Rona Kobell

Rona Kobell is a former writer for the Baltimore Sun. .(JavaScript must be enabled to view this email address).

Discover the Sherwood Forest plantation of President John Tyler

It’s easy to reach the home of John Tyler, the 10th president of the United States. Just follow the John Tyler Memorial Highway in Charles City County, VA.

The Sherwood Forest plantation, where members of the Tyler family have lived since the former president purchased it in 1842, doesn’t see the traffic of nearby attractions. It’s hard to stand out in a state with so much presidential history. Virginia offers the birthplaces and ancestral homes of Washington, Jefferson, Madison and Monroe, to name just a few. And Tyler, a one-termer whose biggest accomplishment was annexing the Republic of Texas, may not be our most memorable commander in chief.

But both the grounds of Sherwood Forest and the life of its owner are worth a closer look — for their role in history as well as their beauty.

Tyler was William Henry Harrison’s vice president. Their slogan, “Tippecanoe and Tyler Too,” marked what many historians consider the first modern political campaign. Harrison, an ambitious but sickly Virginian, became president in March 1840 and died a month later.

Tyler, in turn, became the first vice president to ascend to the presidency upon the death of a sitting president. He was also the first president whose first lady, Letitia Christian Tyler, died while he was in office. Before leaving the White House, Tyler would be wed again, to 23-year-old Julia Gardiner. Tyler had eight children with Letitia and seven with Julia, making him the most fertile president to date.

Tyler was also a president without a party. Elected nominally as a Whig, he clashed with the party’s powerful kingmaker and perennial presidential candidate, Henry Clay.

Tyler wanted a second term, but with Clay running as a Whig, the president bowed out. According to Tyler family lore, Clay then said, “We’re well rid of that old outlaw, and like Robin Hood he’ll return to his Sherwood Forest.” That, the story goes, is how the estate got its name.

Tyler did return to Virginia, where the gentleman wheat farmer and vintner took a job as commissioner of roads. That was the genesis of the John Tyler Memorial Highway, also known as Virginia Route 5. He lived among his beloved horses, dogs and family until his death in 1862.

Because of his second wife’s young age, John Tyler has two grandsons who are still alive. One of them, Harrison Ruffin Tyler, 87, lived in the Sherwood home until recently. His wife, Frances Payne Bouknight Tyler, 84, restored the house and opened it for tours.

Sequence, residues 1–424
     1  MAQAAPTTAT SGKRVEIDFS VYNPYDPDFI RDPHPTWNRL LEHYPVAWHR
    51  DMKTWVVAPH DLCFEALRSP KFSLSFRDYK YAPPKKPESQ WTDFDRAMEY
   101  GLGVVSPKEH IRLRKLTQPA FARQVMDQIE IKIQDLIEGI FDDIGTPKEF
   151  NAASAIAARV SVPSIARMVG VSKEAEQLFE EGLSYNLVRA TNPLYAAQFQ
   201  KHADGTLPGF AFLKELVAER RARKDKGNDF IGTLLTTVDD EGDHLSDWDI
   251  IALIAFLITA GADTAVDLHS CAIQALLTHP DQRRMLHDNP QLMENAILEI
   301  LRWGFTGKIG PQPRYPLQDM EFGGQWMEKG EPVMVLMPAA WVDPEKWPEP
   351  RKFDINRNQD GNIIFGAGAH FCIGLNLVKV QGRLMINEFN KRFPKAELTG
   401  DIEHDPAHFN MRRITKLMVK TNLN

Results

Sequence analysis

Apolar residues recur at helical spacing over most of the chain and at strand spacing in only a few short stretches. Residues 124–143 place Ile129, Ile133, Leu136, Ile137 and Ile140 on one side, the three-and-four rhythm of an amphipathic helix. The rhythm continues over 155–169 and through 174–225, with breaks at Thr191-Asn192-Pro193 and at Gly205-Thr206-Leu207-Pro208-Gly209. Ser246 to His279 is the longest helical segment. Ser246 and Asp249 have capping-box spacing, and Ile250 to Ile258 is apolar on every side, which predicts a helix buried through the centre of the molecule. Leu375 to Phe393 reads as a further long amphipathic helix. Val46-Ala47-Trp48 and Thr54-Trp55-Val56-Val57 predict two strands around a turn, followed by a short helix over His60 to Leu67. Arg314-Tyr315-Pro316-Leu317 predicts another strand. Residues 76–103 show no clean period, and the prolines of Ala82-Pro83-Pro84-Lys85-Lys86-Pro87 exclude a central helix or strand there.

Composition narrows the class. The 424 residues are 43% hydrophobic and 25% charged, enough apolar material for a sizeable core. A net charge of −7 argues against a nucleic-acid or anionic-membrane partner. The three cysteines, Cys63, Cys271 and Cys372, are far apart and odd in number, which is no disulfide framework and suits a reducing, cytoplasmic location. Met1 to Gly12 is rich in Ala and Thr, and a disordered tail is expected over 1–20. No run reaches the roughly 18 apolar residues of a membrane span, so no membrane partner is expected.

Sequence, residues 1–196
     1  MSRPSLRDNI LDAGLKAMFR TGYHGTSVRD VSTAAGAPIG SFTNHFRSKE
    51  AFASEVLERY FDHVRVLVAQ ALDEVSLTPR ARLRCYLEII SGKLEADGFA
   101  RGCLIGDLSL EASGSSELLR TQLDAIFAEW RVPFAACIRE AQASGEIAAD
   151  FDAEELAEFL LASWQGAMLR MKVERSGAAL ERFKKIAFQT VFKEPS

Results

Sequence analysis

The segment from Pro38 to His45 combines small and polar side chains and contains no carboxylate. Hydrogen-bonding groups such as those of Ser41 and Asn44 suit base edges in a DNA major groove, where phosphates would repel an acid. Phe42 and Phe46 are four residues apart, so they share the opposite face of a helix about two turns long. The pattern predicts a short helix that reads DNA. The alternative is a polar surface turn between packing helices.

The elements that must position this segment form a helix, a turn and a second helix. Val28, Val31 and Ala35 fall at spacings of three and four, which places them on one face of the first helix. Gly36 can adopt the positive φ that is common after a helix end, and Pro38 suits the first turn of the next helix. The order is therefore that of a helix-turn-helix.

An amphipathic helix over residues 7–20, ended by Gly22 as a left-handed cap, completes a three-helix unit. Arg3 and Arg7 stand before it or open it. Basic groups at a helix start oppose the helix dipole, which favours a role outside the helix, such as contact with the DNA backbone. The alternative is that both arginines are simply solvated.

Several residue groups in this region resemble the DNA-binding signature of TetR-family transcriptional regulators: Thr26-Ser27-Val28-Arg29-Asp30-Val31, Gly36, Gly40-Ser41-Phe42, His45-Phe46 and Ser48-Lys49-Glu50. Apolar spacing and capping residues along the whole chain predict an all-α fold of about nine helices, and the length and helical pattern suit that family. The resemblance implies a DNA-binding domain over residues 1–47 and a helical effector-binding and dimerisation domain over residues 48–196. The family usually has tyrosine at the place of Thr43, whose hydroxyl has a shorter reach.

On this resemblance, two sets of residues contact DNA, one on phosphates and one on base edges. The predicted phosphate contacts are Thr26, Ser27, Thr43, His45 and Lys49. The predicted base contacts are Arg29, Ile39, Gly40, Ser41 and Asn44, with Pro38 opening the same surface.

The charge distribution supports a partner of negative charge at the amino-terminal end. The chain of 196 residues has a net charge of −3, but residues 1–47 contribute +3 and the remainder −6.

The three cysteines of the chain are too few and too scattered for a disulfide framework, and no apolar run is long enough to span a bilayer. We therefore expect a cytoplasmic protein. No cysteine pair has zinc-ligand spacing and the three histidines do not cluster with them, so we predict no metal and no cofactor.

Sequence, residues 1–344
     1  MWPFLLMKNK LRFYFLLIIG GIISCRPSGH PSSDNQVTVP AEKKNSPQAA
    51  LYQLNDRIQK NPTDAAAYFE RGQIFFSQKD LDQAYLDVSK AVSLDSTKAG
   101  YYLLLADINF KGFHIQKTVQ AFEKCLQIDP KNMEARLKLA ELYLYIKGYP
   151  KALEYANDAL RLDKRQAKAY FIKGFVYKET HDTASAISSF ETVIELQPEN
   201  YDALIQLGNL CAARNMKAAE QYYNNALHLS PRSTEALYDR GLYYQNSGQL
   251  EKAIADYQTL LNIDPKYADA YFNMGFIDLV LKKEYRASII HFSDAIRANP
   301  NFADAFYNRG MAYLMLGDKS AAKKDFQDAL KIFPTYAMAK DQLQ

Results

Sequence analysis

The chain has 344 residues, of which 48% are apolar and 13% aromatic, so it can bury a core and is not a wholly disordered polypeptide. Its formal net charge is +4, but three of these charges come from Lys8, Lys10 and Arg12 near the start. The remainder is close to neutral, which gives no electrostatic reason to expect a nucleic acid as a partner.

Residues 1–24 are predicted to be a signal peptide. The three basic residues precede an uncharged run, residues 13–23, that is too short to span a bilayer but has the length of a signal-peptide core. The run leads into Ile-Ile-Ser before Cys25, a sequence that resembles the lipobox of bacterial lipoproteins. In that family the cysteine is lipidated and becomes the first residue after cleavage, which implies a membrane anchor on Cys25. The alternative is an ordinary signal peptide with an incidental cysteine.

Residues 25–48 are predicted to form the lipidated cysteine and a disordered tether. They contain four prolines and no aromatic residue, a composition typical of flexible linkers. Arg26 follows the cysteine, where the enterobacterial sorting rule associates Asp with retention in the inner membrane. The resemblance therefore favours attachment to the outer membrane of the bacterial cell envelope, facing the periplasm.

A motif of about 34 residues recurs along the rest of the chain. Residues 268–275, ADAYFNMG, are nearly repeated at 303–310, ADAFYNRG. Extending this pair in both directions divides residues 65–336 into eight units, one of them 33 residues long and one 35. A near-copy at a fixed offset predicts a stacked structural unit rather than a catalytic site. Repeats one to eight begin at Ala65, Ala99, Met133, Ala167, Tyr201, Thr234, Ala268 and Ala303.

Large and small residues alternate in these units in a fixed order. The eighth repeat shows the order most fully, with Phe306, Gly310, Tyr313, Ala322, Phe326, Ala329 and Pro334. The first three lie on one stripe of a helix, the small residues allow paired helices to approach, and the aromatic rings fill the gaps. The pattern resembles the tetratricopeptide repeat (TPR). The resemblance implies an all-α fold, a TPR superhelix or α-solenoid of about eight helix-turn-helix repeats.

The Tyler home is the longest frame house in the United States. That makes it perfect for doing the Virginia reel in its green ballroom. Throughout the house, visitors can see portraits of Tylers in military dress, equestrian boots and wedding gowns. The home has Greek Revival touches and two large porches, with 25 acres of terraced gardens. If you walk through the woods, you’ll hear the water from Mapsico Creek. The James River is not far, but you can’t see it from Sherwood Forest.

Though technically in Charles City, the Sherwood Forest plantation has a rural, pastoral feel. It makes a good stop for those traveling between Richmond and Williamsburg, particularly on the popular Capital to Capital bike trail. House tours are available by appointment, or guests can just roam the grounds, where they will see more than 80 varieties of centuries-old trees, a pet cemetery, boxwoods and beautiful magnolias.

Tim Coyne, a friend of the Tyler family, leads house tours and is a font of information on all matters Tyler. Throughout the house, he points out damage left by the Union Army when it tried to carry away expensive marble furnishings.

Less stressed during our visit was Tyler’s stance on slavery. Tyler, a staunch state’s rights advocate, was a slaveholder. “He thought it was economically unjust and would die under its own weight,” Coyne said.

Tyler joined the Confederacy and was elected to the Confederate House of Representatives, though he died before he could serve. Because of his Southern sympathies, Tyler is the only president who has not been officially mourned in Washington.

Historians are divided over the impact of Tyler’s accidental presidency — his most notable accomplishment may be the annexation of Texas. But a tour of his home and grounds is nonetheless worthwhile. You might even see a Tyler walking around the place.

Sherwood Forest is at 14501 John Tyler Memorial Highway. Charles City, VA; 804-829-5377; the house tour costs $35 per adult and $25 per school-age child. Tours are by appointment. The fee for the self-guided grounds tour is $10 per person, and children under 15 are free.

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Rona Kobell

Rona Kobell is a former writer for the Baltimore Sun. .(JavaScript must be enabled to view this email address).

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